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Former policeman now saves lives as a high-altitude rescuer on Aconcagua mountain

In the dead of night, the emergency bell rang, and a guide informed us that one of his group members was unresponsive. We braved the dangerous steps and strong winds to reach his tent. Inside, we found the climber unconscious.

  • 2 months ago
  • February 22, 2024
journalist’snotes
interview subject
Marcos Páez is the Deputy Commissioner and Chief of the Mountain Patrol and Assistance Unit (UPRAM). Leading a team of 27 personnel, he oversees operations in Aconcagua Provincial Park, providing round-the-clock assistance to hundreds of climbers and visitors striving to summit the Colossus of America. The UPRAM is a specialized group responsible for prevention, search, assistance, rescue, and evacuation in Mendoza’s mountainous terrain.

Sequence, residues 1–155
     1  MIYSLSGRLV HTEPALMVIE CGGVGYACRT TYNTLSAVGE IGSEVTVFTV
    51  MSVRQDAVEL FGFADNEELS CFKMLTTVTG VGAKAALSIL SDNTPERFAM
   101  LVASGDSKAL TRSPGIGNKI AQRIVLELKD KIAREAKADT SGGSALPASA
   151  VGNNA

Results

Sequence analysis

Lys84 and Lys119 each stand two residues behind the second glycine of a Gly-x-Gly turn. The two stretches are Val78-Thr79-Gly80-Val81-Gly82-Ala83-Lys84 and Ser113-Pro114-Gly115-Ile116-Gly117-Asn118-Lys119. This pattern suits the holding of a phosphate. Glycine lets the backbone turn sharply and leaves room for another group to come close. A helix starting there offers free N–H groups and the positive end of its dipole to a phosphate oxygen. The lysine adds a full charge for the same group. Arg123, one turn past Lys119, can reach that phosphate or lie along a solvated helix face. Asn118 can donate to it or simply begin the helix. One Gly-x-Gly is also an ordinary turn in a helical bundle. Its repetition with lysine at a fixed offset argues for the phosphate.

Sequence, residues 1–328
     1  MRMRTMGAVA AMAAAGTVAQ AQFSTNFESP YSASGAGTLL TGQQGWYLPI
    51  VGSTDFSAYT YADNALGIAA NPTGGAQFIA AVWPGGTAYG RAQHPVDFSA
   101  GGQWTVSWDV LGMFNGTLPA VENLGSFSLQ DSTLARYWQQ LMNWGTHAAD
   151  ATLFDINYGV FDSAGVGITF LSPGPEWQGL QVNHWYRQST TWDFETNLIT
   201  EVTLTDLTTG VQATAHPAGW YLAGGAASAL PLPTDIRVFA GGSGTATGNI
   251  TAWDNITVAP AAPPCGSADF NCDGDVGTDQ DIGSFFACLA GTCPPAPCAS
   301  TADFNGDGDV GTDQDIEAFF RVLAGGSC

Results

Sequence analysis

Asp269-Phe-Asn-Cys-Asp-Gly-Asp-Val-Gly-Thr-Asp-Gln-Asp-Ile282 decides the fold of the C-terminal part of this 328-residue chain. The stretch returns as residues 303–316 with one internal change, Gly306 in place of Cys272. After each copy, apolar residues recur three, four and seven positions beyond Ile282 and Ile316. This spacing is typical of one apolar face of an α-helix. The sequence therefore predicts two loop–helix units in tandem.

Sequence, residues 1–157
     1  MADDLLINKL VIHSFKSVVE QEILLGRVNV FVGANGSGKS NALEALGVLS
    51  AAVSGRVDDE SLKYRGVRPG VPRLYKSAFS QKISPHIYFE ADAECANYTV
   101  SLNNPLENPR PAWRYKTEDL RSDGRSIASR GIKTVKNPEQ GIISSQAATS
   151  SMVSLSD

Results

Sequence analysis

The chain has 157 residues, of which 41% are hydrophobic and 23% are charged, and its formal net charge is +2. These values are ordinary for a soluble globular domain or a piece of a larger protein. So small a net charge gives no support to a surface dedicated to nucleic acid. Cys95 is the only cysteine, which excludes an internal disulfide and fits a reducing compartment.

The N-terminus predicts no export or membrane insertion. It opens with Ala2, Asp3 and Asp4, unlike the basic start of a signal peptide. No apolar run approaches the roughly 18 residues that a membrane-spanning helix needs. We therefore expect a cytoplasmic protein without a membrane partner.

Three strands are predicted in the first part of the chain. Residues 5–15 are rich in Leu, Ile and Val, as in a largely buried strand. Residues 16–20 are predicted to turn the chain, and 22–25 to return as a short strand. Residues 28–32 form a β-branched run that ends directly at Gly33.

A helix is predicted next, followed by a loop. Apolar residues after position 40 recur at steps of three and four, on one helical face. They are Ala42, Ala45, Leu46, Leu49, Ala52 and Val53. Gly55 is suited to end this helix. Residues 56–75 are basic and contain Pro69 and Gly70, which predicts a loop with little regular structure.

background information
The rescue service on Mount Aconcagua operates a high-altitude medical center, the world’s highest hospital, staffed by 30 doctors specializing in various fields, including mountain medicine. This facility provides free medical care, included with park entry fees and rescue services through mandatory insurance, as well as routine and emergency care for climbers. Mandatory health checks are conducted at 3,500 meters and 4,500 meters for all park visitors. Mount Aconcagua, the highest peak in Argentina, America, and the world outside of Asia, attracts 6,000 to 7,000 climbers per season, running from December to March, making it a popular destination for mountaineers worldwide. For more information click here.

MENDOZA, Argentina — As part of the mountain patrol, my team and I assist at the world’s highest hospital, aiding thousands of climbers. Equipped with climbing gear, medications, first aid kits, shelter, oxygen, and hot drinks, we conduct rescues on foot in the mountains.

We often spend entire nights sleeping outdoors at altitude, seeking shelter behind stones, and feeling the extreme cold on our bodies. The nights are long, and we only doze, our thoughts drifting to our loved ones who give us the strength to carry on. There are moments of heartbreak when we come across a mountaineer’s lifeless body on the ground. However, just last month, we successfully rescued climbers stuck at 4,124 meters. Saving lives is incredibly fulfilling.